The Battle For the Back End of the Rotation

An article by posted on February 24, 2011

Last week I wrote a piece on the position battle currently going on at second base. This week I will take a look at the back end of the Mets rotation. The Mets have four players who will be in the running for two spots.

The Contenders:

Chris Capuano- 4-4, 3.95 ERA, 1.30 WHIP, 2.57 K/BB, 0.5 WAR, $1.5 million, 32 years old

Chris Young- 4-6, 5.21 ERA, 1.45 WHIP, 1.25 K/BB, -0.5 WAR, $1.1 million, 32 years old (all stats from 2009)

The Darkhorse:

Dillon Gee- 2-2, 2.18 ERA, 1.21 WHIP, 1.13 K/BB, 0.3 WAR, $400K, 25 years old

The Very Longshot:

Oliver Perez- 0-5, 6.80 ERA, 2.07 WHIP, 0.88 K/BB, -1.1 WAR, $12 million, 29 years old

It appears as if the Mets rotation is pretty much set going into the season, but there still is some uncertainty as to who will fill out the last two spots. It goes without saying that both Chris Capuano and Chris Young will make the Opening Day roster. However, it is definitely possible that one of them may actually pitch out of the bullpen.

Chris Capuano has now twice undergone Tommy John Surgery. Last year, Capuano appeared in 24 games and started only nine of them. However, he does have a track record of success when he is healthy. Capuano won 18 games in 2005 and was named to the All-Star team the following year. Capuano needs to prove that he is still healthy and that he can go deep into games if he wants to make the rotation.

Chris Young is another pitcher that has undergone surgery. Young had his shoulder repaired during the 2009 season. Young managed to pitch four games in 2010 and performed very well. He had a 0.90 ERA in those four starts. He also has the best track record of any pitcher on this list with a career 3.80 ERA. He appears to have the most solid hold on a rotation spot out of those in this group.

Dillon Gee was very impressive when he was called up to the majors late last season. However, Gee did struggle a bit in the minors. He posted a 4.96 ERA in 28 starts at Triple-A. At age 25, Gee is a bit old to be considered a prospect and now could be his chance to earn a spot with the big league team. He has a bit of a challenge ahead of him to make the roster, but with a good spring there is no reason that he can’t make the rotation.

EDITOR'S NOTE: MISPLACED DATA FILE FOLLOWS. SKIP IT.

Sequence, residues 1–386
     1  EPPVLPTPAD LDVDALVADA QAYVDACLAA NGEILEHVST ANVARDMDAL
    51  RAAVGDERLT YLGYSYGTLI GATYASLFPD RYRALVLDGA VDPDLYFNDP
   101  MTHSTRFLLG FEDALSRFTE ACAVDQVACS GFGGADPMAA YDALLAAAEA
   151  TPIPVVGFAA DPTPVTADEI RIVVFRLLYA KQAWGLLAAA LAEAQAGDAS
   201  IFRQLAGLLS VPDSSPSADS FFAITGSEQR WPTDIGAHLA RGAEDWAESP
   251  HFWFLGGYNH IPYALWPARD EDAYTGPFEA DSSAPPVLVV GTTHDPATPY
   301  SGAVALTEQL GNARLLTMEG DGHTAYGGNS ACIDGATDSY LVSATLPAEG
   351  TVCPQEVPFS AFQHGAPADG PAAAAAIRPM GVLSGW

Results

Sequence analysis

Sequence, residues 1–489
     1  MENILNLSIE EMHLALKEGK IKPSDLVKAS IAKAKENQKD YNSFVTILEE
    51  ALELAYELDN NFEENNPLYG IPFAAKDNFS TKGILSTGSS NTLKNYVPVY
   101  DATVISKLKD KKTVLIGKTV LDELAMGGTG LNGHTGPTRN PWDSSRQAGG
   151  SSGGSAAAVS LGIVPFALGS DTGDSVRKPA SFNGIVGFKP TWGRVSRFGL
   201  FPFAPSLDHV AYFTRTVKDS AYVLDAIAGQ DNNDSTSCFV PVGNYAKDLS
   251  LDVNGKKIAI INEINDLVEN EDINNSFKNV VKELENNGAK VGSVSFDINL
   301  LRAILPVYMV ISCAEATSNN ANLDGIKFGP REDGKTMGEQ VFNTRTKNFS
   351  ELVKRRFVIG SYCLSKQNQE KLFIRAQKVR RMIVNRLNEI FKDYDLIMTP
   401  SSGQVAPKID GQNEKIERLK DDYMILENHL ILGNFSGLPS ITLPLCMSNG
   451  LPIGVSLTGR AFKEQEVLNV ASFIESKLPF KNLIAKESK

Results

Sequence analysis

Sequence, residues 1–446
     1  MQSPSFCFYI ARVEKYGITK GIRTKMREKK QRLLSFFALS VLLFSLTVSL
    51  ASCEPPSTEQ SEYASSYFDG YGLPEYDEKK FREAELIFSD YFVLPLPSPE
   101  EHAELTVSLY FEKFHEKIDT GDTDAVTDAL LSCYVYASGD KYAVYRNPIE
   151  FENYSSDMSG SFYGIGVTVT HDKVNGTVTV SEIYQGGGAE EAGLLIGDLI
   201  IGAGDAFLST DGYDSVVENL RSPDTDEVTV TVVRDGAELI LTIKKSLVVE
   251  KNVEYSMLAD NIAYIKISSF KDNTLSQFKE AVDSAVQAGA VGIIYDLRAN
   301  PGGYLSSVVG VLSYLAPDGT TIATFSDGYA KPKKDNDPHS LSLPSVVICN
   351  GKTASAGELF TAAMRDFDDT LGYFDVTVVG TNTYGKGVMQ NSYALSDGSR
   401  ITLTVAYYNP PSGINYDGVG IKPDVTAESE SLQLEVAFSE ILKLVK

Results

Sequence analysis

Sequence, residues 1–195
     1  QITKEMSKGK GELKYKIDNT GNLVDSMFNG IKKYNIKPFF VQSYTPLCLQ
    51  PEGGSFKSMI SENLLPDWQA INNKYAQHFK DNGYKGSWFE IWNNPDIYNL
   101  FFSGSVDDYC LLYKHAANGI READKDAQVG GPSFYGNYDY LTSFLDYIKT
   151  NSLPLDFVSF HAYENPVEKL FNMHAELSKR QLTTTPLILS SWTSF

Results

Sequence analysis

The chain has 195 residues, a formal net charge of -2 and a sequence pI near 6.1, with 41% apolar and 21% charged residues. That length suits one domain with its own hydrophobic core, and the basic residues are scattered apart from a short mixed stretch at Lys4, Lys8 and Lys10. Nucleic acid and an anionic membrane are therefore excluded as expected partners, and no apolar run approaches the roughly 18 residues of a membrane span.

There is only so much that can be said here about Oliver Perez. The only reason that he is even getting mentioned is because of a report that Perez has been promised a chance to make the starting rotation out of Spring Training. This seems highly unlikely however. Perez struggled in the Mexican League this winter and this is not a good sign for his chances of making the team. He will need to be lights out this spring to have any chance of making the roster, let alone the starting rotation.

It seems very likely that Chris Young will win the fourth spot in the rotation. If he proves that he is healthy during Spring Training, the spot should be his. If not, then things will get a bit more interesting.

Working under the assumption that Young is actually healthy, the fifth spot in the rotation is still up for grabs as well. The current favorite appears to be Capuano by a slim margin. Spring Training will be very important in determining who actually wins the spot. This may be going out on a limb here, but Dillon Gee will round out the Mets rotation come Opening Day.

The next questions are obviously what happens with Capuano and Perez. It makes sense that Capuano would serve as the long man out of the bullpen and he would also be the team’s spot starter. If Gee struggles early on, he can be moved into the rotation while Gee is sent down to the minors.

Oliver Perez obviously presents a much more pressing question: Will he be cut? This is a very difficult call to make based on the Wilpon’s current financial situation. While Perez’s contract is a sunk cost, the Wilpons may ask Sandy Alderson and Terry Collins to get some value out of their “asset”. It is difficult to see how this is possible. If Perez is willing to accept a minor league assignment than he will remain with the organization. If not, it appears that he may get cut.

About the Author ()

Comments are closed.